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As host of The Creative Nonfiction Podcast, Brendan O’Meara is no stranger to talking about the art and craft of storytelling. In this craft-focused excerpt, we’re digging into Episode 345, in which he interviewed Atavist editor Seyward Darby and freelance writer Sarah Souli about her work on the latest issue of The Atavist.
Writing long pieces is overwhelming, which also leads to overthinking. Where to start? Where to end? Too slow? Too fast? In media res or no?
Sarah Souli — whose recent Atavist feature, “A Matter of Honor,” saw her try and solve a triple murder of an Afghan mother and her two daughters at the Greek border — shares advice she received from her father.
“When I was in middle school and high school and studying for tests, he would always say, ‘Just do the easiest thing first,’” Souli says. “’When you read all the questions on the test, point out the ones that are the easiest and start with those because then you’ll feel a bit confident. And then you can move on to the hard ones, as opposed to doing it from page one.’”
Some writers can’t proceed until they have a lede, which can be akin to putting roadblocks at the base of your driveway. Instead, take that great scene you know is in the middle of the story and consider being more modular. Start writing there. Pause. Regroup. Even if the story is linear, the writing of it can be nonlinear. Like Souli says, it builds confidence — something most of us can attest is always in short supply.
Please enjoy this excerpt below, and listen to the full episode for more.
These interviews have been edited for clarity and concision.
What struck you about this story when it came across your desk?
Seyward Darby, Atavist editor-in-chief: We’ve read, heard, seen so many stories about migrants in the Mediterranean struggling to get to Europe and being treated really terribly at borders. What was striking about this is that it defied some of the stereotypes. It was a murder investigation: three women who struggled to make it where they wanted to make it, and then someone literally slit their throats. They were barely over the border into Europe, and they had come from Turkey; Turkey and Greece do not get along on any number of fronts. So it was a true crime story tied up with all of these international forces, which were made even more complex because Afghanistan — where these women were from — fell to the Taliban again, in 2021. Trying to solve a crime under any circumstances is going to be a challenge. But then add where it happened, who it happened to, and when it happened, and it becomes like nothing I had ever read.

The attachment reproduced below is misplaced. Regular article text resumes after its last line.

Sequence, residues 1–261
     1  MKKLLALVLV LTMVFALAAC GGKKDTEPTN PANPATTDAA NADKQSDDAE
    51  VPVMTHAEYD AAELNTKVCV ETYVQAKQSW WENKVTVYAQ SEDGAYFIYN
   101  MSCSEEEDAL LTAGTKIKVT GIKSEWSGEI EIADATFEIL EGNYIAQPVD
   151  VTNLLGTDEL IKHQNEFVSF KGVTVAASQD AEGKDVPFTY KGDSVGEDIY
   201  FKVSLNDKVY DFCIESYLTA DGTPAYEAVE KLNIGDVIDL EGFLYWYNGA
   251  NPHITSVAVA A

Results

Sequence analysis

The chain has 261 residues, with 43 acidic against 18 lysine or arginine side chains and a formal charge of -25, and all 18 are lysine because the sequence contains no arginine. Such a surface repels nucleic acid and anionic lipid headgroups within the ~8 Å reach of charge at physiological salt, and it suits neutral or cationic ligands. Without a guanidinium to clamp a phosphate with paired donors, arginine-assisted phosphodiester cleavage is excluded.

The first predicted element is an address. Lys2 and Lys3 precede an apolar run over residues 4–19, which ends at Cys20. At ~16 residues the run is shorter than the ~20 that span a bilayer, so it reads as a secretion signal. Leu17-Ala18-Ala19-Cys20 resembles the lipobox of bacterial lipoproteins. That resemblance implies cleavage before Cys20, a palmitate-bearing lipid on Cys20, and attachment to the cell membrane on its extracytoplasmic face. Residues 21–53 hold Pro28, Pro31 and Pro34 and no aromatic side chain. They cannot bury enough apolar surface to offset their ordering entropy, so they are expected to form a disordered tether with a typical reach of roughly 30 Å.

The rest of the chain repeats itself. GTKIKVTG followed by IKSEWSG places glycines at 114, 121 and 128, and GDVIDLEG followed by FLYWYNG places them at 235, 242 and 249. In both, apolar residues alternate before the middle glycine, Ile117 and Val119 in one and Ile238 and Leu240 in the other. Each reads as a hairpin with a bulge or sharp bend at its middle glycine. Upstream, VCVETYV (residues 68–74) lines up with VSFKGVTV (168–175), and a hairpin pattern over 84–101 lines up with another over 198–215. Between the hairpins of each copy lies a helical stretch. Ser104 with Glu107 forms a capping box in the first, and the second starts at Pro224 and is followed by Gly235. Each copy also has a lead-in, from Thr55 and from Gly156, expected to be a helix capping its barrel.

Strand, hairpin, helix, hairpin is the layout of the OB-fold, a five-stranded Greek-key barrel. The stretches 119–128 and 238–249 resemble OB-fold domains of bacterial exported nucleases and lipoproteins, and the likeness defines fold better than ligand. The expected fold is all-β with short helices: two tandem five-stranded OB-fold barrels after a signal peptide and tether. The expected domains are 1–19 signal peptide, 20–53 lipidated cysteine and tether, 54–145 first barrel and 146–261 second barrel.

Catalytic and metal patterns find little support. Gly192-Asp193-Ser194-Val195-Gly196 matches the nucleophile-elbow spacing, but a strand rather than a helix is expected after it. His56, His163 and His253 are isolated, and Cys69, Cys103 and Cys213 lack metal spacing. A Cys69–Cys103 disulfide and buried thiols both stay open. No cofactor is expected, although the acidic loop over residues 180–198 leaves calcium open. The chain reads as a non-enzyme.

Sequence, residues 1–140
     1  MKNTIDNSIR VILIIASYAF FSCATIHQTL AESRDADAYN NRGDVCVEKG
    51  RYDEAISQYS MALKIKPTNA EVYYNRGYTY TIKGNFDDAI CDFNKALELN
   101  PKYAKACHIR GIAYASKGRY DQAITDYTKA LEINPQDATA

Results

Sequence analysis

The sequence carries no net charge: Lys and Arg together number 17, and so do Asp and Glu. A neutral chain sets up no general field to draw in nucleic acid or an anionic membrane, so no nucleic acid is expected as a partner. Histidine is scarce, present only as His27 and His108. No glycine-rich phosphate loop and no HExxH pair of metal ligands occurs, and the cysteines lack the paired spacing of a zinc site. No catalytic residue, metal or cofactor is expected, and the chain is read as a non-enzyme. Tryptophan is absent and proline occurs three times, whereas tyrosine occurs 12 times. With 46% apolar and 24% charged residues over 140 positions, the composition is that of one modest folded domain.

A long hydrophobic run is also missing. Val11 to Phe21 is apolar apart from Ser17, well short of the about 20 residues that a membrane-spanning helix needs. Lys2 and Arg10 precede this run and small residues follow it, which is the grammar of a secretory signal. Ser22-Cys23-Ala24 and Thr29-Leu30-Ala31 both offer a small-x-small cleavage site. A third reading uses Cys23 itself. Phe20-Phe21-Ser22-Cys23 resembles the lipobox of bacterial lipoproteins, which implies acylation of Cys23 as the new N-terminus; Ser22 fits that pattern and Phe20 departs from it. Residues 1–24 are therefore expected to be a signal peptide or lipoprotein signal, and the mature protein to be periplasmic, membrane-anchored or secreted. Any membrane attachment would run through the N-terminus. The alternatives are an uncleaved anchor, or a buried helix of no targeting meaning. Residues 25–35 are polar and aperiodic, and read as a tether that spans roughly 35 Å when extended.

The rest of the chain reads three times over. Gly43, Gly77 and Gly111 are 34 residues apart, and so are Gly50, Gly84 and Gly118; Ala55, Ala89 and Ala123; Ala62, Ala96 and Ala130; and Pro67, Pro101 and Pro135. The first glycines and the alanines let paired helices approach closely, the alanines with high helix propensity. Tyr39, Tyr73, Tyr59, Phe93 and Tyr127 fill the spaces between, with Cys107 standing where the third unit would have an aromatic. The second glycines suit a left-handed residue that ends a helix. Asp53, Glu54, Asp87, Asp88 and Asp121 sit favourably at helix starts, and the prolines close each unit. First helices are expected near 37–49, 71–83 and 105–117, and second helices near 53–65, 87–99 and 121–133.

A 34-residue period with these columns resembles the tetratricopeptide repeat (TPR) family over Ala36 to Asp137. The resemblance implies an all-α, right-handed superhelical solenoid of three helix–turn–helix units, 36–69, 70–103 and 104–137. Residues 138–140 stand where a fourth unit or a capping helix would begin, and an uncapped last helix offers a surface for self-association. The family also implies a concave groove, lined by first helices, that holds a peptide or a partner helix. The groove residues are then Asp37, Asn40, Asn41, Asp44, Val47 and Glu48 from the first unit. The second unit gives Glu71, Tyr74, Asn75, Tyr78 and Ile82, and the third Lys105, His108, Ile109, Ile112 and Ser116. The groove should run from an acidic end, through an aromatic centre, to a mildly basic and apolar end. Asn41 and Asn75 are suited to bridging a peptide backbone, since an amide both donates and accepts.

When you’re receiving pitches for stories, how much legwork and pre-reporting do you like to see before you commit to pursuing it?
If I recall correctly, Sarah had a good contact at the Greek police: the woman who had spearheaded the investigation for a time. She also had grant support. The combination of who she had access to, and the resources that she had mustered, along with what we found interesting about the story itself, made sense to us.
One thing we talked about extensively over the years, because she’s been working on this for so long, was that it was highly unlikely she was ever going to solve this triple murder. So what can the narrative be here? It wasn’t like other true crime stories in which crimes have been solved. This was something very different. And Sarah’s first-person work was one of the things that we knew was going to set this apart from the beginning.
When you’re editing a piece, any piece, what are some common potholes that you hit and you realize “we need to figure out a way to patch that up”?
Every piece has different potholes. In this case, there was any number of challenges. Sarah started reporting this in 2019, maybe even a little earlier; she started following the story soon after the women were killed in 2018. Think about all of the events that have happened in the world since then. She wanted to go to Afghanistan and couldn’t because of the pandemic. Then, the Taliban came back in power. It wasn’t as though Sarah hadn’t done her job. It wasn’t as though there was some loose end that we just hadn’t tugged. It was like, “The world is burning. How are we going to figure out how to keep telling this story?”